Regardless of who ends up in the 30, the All Blacks will name a squad on Tuesday that is more than capable of winning the World Cup.
For once, their status as favourites will be deserved and it will be no surprise if they thump the Wallabies in Brisbane just to confirm their superiority. It would also be no surprise if they were bundled out of the World Cup in the quarter-final.
When it comes to World Cups and the All Blacks, it is always best to keep an open mind. They have pulled off the impossible in the last three tournaments - losing to teams they had previously beaten in their sleep.
No one knows how to bomb from a great height like the All Blacks, and yet there will be so many reasons to be optimistic, confident even, when New Zealand Rugby Union chairman Mike Eagle reveals the squad.
The final places will be determined by what happened overnight in Port Elizabeth.
The areas still open were deciding which two of Cory Jane, Hosea Gear, Israel Dagg, Sitiveni Sivivatu and Zac Guildford to cull from the back three.
The loose forwards carried an element of doubt heading into the test overnight - four were locked in but the fifth spot was still open. The prospect of calling in a second specialist openside had not been shelved.
Regardless of whether he shapes up at No7 or not, Adam Thomson will be named. It is Liam Messam whose place is in jeopardy. He could be sacrificed for a specialist seven or possibly even for Victor Vito who was a surprise call up.
A decision has to be made on whether to name the injured Anthony Boric and hope he recovers in time or to persevere with the promising Jarrad Hoeata.
Corey Flynn will be nervous - unsure whether he has done enough to remain the third hooker (he probably has) and John Afoa will be similarly nervous about the threat of Wyatt Crockett, although the scrummaging penalties incurred against the Wallabies may have cooked the Cantabrian's goose.
Whatever the final wash-up, the All Blacks will have the look of a title-winning squad. Opponents will scan them hard for weakness and not find much. Every box is ticked in a way they probably weren't in 2007. Injury to Daniel Carter remains the only real concern but at least now Colin Slade has some confidence and experience of big game football.
They have choice in the back three with kickers and catchers to play the Boks, English and other high-ball specialists and runners and finishers to slot in against the likes of Australia, Wales, Samoa and Ireland.
They have two genuine test centres in Conrad Smith and Richard Kahui so have surely eliminated the possibility of a fullback being drafted into the midfield as has been the case at the previous three World Cups.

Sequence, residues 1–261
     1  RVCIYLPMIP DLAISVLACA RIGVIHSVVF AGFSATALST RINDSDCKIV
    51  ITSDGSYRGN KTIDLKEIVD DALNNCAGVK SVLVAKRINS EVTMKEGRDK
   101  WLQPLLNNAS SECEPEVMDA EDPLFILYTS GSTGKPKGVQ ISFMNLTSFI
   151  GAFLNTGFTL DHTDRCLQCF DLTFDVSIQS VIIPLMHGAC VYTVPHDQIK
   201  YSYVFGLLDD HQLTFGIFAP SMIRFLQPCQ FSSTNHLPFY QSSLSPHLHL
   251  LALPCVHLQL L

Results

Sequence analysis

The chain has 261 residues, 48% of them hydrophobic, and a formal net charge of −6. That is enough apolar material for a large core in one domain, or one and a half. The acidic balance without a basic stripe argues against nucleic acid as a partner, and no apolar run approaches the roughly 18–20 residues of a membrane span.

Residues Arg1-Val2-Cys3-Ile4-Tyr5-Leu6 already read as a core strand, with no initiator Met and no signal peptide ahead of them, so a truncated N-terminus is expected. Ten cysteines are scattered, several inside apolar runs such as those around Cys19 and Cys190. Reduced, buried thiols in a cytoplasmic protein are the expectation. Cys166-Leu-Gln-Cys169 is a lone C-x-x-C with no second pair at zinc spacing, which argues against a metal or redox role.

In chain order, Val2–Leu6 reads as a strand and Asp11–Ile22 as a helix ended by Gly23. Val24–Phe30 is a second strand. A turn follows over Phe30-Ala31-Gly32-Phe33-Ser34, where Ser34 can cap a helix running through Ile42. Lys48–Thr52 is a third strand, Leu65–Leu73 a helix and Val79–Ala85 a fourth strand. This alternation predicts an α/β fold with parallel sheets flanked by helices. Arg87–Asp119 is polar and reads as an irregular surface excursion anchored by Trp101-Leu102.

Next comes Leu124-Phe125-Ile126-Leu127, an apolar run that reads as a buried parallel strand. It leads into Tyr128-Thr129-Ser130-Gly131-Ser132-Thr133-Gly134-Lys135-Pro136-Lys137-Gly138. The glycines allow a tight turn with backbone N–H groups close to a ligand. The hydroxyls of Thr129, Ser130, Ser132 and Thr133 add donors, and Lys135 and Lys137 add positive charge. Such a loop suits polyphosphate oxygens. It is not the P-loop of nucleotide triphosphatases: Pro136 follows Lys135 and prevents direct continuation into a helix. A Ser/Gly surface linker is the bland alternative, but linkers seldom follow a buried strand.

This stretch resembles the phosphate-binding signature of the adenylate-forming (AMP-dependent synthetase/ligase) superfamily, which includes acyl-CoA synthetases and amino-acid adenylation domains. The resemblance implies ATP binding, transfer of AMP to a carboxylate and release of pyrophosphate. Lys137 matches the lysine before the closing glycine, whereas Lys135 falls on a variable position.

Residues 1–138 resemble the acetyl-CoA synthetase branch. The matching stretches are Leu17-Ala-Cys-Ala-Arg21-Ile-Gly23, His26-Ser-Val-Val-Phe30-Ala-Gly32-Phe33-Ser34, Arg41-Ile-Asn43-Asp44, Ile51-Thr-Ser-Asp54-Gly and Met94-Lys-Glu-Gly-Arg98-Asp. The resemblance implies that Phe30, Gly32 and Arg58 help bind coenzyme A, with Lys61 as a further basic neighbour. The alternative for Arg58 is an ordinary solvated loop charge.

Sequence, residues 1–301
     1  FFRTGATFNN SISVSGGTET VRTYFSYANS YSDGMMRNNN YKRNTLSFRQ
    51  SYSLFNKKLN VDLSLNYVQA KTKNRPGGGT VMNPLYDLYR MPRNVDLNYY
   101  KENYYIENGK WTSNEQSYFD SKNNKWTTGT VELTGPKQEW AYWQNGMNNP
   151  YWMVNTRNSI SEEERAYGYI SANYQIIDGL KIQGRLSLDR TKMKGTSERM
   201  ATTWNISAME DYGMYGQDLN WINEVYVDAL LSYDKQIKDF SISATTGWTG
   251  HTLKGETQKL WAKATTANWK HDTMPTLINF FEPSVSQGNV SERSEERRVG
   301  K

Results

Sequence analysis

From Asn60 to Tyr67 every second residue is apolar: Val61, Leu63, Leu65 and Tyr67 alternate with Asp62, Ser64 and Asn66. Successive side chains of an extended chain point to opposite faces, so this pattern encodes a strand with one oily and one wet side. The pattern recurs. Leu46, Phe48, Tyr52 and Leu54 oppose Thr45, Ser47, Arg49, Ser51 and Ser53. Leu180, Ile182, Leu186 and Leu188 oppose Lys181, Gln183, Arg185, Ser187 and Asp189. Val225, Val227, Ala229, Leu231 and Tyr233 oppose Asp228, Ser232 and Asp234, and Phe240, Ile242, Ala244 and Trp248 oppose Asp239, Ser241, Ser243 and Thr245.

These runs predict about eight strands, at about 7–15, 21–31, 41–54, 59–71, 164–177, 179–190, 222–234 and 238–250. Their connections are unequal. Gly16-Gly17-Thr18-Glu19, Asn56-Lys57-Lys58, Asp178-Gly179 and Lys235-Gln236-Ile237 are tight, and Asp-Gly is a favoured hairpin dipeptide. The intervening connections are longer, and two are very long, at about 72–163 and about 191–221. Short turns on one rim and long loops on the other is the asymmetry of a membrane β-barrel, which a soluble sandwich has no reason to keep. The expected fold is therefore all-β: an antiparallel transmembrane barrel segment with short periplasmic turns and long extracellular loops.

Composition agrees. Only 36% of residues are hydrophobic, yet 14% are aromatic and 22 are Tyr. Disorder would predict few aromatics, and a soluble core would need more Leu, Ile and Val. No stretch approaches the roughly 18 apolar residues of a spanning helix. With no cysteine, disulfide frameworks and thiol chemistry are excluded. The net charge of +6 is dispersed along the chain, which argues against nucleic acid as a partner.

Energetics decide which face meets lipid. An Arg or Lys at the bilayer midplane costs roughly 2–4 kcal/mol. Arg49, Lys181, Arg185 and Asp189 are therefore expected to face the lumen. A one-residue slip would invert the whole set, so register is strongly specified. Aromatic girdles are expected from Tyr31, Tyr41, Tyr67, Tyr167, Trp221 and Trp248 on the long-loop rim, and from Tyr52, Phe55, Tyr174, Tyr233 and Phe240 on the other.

In Ma'a Nonu and Sonny Bill Williams, they have the two most potent ball carriers in world rugby, a loose forward trio without peer, depth at lock where Ali Williams might have to settle for a bench role and a front row that is rock-solid regardless of who is on the field.
The abrasiveness of the pack is such that they can play a game focused on winning turnover ball and dominating the collision or they can make it all about the scrum and let Carter steer them around the field with his boot. Tactically they have all the weaponry they need and Carter can even drop goals these days. But that is not enough reason to believe they can win the World Cup.
They had all that last time round - except for the drop goals - and as has been witnessed all too painfully, World Cups are more about the mental than the physical.
No one will know for sure until the tournament gets to the pointy end but maybe the All Blacks have fixed, or at least vastly improved, some of the areas that were exposed at the last tournament.
Unlike in 2007, the coaches this time round know their best team and the value of that is hard to overstate. Continuity of selection has given them combinations across the park and greater fluidity.
Under pressure they work intuitively, and read each other better now than they ever did in 2007. They escaped with late victories in Sydney and Soweto last year on the strength of their innate understanding and ability to trust each other. But the biggest breakthrough they have made is finally understanding that all they have achieved since the last World Cup counts for nothing.
The 10 consecutive victories against Australia, the fact they haven't lost to England, Wales or Ireland in that period and won the Tri Nations in 2008 and 2010, is all irrelevant when they reach the World Cup. The mistake they have made in the past has been to draw some psychological comfort from their superiority leading into the tournament.
Somewhere in All Black heads has sat an immovable sense of what could described as complacency. They haven't been arrogant or cocky, they have just believed that their success before the tournament would automatically lead to success at the tournament.
That it clearly doesn't is a point Henry will make to his squad again once they are all gathered in Brisbane. The All Blacks can only train with 26 but the other four World Cup members will join the squad later in the week.
That's when things will switch into World Cup mode. This All Blacks squad has everything they need to break the 24-year drought, something the rest of the world will conclude on Tuesday when they see the strength of the squad.